Holds information about my publications from 2008-2011. More up-to-date information, plus general blogging, can be found at theresearkenberg.blogspot.com
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  1. Jenes Inarya wants to experience everything, and quite frankly, she doesn't think she can live life to the fullest in the time she's been allotted. A search through lore and legend from the Eight Immortals of Chinese myth to the Garden of Eden finally leads her to what she seeks--across the galaxy, to the planet of Arak. By eating food prepared from Arak's immortal plants, Jenes can alter her metabolism and gain eternal life. In her case, it’s a cup of palm wine. A real aqua vitae. But the prospect of eternal life quickly causes more problems than it solves. Betrayed by her friends, haunted by the prospect of death for everyone she knows, lacking direction, and apparently pursued by the Arakians who made her immortal, Jenes must come to terms with her choice and learn how to live when she will live forever.

    View attachment 3813

    Goodreads page
  2. My short story "The Loving and Keeping of Wolves" is in WolfSongs 2 from WolfSinger Publications.

    She had studied his movements for weeks, and one mist-shrouded morning Tamsa came to the clearing where she knew he would be. He kept the wolfskin there, hidden in the brush around the clear spring. It took her a little time to find it, but she had watched him on many occasions before, studying where he dug for the folded skin and then, when he had changed back, the bundle of his clothes. She remembered where to look.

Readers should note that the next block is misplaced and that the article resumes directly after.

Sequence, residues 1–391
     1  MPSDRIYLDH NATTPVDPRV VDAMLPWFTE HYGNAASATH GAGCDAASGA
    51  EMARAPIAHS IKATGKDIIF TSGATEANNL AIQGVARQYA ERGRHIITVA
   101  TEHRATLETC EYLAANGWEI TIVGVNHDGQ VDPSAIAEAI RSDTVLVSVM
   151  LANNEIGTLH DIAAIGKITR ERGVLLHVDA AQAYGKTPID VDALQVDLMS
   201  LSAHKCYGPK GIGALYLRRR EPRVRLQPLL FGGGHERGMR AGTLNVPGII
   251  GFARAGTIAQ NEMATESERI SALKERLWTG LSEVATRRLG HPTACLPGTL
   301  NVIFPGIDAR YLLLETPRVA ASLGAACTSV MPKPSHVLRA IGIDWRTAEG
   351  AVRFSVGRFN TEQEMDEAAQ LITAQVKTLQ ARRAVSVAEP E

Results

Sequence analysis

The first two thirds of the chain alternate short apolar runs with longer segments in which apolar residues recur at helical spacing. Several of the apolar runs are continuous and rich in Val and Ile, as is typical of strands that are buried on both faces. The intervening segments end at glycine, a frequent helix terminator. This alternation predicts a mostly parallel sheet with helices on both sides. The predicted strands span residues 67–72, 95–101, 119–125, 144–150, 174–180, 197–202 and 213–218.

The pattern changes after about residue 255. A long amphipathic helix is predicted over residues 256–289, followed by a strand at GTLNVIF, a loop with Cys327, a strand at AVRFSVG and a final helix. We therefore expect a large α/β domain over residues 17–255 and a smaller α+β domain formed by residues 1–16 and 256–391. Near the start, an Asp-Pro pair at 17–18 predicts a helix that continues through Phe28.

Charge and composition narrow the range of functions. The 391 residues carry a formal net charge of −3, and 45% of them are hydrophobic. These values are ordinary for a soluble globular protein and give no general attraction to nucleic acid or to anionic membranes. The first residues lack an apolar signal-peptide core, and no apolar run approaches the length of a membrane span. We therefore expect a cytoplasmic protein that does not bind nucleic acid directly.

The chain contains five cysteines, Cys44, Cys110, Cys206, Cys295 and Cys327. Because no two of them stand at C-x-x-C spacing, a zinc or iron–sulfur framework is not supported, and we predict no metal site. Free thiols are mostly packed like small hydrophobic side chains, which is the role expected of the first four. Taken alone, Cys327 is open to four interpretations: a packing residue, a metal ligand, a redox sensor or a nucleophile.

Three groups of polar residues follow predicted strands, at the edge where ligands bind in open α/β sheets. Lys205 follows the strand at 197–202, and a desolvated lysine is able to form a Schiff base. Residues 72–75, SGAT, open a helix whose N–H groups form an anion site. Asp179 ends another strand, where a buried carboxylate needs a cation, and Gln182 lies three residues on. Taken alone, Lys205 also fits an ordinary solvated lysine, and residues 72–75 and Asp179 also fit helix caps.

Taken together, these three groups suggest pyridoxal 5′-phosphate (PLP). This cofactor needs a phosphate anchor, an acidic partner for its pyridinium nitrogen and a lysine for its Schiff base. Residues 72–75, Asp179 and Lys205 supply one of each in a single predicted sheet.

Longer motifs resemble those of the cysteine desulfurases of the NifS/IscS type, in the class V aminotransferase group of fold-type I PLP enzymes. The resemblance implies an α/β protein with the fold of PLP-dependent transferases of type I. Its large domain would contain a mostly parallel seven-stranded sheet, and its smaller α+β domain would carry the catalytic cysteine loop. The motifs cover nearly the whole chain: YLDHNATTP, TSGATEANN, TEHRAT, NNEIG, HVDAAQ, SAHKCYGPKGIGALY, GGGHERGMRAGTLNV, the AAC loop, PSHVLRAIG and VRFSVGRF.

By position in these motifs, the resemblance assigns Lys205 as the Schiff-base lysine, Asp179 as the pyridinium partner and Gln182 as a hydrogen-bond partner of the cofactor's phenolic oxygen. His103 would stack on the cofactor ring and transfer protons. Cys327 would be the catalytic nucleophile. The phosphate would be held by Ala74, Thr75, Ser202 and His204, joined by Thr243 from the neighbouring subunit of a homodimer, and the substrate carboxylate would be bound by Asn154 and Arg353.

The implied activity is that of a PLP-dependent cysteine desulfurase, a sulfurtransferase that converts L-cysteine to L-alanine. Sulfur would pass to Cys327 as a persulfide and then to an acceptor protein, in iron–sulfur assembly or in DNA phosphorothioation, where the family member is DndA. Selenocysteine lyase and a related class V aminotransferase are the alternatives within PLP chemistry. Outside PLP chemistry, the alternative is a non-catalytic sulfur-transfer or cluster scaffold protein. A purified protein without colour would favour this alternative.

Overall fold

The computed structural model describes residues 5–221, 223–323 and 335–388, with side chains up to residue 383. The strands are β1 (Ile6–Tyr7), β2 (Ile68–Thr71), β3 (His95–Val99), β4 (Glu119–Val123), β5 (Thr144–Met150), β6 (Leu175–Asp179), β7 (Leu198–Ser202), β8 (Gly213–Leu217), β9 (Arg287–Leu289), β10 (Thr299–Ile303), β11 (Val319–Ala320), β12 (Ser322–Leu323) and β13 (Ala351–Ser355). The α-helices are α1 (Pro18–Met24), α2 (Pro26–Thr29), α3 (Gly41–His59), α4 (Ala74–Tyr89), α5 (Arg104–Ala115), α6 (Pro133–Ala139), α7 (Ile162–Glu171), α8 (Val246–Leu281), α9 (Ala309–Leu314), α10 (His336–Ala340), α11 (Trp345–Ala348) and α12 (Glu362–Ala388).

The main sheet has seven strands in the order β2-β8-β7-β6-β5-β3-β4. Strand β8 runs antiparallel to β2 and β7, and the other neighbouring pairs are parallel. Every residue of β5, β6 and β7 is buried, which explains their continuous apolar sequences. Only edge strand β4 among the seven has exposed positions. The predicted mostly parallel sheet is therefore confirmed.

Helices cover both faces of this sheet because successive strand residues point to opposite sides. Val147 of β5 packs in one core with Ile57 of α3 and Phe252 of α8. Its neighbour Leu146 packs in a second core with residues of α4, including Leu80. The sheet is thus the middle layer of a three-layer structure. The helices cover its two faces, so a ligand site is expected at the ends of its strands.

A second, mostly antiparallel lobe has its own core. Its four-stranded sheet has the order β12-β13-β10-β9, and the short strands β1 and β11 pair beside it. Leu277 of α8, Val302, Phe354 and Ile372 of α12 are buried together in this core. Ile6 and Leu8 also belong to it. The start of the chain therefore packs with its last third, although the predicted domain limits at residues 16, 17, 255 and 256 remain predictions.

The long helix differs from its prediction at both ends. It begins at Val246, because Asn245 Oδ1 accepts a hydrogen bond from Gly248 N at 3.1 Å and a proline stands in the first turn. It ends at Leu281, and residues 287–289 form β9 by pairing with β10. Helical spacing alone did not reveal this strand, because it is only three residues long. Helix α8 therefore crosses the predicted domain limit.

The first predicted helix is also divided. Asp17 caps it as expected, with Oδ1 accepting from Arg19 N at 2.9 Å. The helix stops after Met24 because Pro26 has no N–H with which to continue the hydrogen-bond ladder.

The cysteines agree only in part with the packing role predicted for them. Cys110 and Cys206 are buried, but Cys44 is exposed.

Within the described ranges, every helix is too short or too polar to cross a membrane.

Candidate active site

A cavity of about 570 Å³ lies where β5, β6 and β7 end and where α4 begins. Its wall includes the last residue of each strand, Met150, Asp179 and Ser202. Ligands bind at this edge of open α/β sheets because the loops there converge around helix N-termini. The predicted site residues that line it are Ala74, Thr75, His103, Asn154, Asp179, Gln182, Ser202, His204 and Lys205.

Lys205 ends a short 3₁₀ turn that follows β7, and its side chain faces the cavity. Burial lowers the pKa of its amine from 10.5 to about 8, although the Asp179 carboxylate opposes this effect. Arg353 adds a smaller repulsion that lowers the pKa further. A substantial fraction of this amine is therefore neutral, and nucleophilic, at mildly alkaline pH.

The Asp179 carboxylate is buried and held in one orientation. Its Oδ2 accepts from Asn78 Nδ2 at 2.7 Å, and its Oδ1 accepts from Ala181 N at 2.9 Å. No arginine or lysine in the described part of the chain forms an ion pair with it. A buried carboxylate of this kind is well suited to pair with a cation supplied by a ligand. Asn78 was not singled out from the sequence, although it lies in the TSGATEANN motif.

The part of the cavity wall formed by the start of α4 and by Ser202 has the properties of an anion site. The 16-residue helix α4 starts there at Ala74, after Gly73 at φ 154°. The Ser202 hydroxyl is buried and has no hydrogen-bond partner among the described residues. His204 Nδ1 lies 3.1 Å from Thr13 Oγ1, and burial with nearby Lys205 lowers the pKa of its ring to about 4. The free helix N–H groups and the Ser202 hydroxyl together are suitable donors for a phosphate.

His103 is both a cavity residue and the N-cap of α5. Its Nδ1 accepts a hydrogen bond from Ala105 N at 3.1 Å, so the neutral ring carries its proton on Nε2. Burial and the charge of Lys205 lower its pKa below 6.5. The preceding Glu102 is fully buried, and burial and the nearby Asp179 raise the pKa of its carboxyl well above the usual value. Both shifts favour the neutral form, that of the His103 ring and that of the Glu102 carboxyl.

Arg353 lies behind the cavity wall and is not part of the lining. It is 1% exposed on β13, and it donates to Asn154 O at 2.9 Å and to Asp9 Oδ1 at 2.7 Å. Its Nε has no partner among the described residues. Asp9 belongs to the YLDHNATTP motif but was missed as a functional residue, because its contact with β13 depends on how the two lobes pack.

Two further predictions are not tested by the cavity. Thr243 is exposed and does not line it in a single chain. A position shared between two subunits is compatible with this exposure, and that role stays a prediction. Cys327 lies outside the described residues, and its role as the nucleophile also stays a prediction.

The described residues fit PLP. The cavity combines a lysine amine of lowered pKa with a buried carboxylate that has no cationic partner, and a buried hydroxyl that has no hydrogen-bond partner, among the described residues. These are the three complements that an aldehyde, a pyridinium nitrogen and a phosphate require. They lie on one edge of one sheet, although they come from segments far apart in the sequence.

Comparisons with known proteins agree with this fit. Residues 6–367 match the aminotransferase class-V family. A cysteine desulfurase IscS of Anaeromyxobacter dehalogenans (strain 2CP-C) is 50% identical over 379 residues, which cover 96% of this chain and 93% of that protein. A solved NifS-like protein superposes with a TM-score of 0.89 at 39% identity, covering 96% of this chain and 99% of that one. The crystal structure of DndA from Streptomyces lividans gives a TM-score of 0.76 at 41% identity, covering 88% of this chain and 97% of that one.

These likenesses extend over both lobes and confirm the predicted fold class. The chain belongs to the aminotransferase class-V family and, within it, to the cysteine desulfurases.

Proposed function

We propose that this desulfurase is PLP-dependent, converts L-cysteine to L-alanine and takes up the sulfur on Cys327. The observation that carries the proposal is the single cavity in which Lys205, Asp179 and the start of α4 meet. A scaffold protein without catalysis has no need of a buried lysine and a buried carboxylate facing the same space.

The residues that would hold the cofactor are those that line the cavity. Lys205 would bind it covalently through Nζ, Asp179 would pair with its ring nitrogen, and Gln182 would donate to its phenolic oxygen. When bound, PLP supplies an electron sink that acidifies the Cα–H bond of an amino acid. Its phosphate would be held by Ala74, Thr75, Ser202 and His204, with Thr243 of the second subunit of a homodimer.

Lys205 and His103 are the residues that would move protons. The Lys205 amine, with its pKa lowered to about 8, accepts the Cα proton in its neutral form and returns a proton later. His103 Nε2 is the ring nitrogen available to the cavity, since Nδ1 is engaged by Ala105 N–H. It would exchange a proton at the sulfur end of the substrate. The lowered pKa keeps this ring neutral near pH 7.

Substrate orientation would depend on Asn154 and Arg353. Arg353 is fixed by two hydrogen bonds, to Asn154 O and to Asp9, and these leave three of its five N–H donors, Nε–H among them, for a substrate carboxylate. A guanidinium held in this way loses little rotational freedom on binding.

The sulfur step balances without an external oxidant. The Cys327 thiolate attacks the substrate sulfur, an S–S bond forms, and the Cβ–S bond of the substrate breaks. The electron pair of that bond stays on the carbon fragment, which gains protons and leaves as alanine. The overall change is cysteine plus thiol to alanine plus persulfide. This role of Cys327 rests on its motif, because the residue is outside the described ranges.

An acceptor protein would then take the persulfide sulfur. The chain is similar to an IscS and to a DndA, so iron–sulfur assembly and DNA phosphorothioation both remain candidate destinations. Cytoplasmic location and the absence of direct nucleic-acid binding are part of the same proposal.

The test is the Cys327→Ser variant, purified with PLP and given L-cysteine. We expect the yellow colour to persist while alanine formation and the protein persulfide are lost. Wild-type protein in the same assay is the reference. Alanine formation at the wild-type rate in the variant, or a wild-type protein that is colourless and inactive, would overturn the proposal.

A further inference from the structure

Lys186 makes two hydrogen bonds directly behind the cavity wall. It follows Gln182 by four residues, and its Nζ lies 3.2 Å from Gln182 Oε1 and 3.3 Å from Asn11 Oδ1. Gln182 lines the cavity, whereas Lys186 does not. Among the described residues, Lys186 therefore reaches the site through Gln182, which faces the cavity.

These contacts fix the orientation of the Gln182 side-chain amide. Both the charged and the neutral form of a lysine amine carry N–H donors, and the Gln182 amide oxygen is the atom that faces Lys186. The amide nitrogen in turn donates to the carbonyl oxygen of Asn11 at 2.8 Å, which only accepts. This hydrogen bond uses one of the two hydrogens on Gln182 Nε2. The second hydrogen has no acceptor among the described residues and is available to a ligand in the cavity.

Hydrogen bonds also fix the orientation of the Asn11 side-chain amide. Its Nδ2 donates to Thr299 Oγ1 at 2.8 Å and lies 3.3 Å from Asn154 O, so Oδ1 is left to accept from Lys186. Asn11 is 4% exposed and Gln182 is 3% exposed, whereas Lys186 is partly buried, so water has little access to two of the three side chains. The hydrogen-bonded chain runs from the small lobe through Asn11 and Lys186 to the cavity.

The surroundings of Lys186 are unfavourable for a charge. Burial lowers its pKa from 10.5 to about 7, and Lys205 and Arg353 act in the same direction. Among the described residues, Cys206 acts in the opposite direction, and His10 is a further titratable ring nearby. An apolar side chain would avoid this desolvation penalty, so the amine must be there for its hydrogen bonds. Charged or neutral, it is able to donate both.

With the skin in her arms, its marked face pressed to her breast, she crawled back into the thick undergrowth and waited.
  3. "Following the Mercy Man," a dark post-apocalyptic story (as opposed to a bouncier, happier post-apocalypse) will be published in the first issue of new magazine Comets and Criminals.
  4. "The Godslayer's Wife" appears in issue #71 of BCS.

    Reviewer JesterJoker writes, "In Beneath Ceaseless Skies, I read this, about a woman rescued from a goddess of death and the nightmares of the hero who saved her. It's fascinating to see the aftermath, weird suggestions of a wider world inside it, and the victory over the goddess's disturbing powers."
  5. A shorter version of "Lord Shashensa" has been published on the Nevermet Press website.

    It is also available in the ebook anthology, Stories in the Ether: Issue One.
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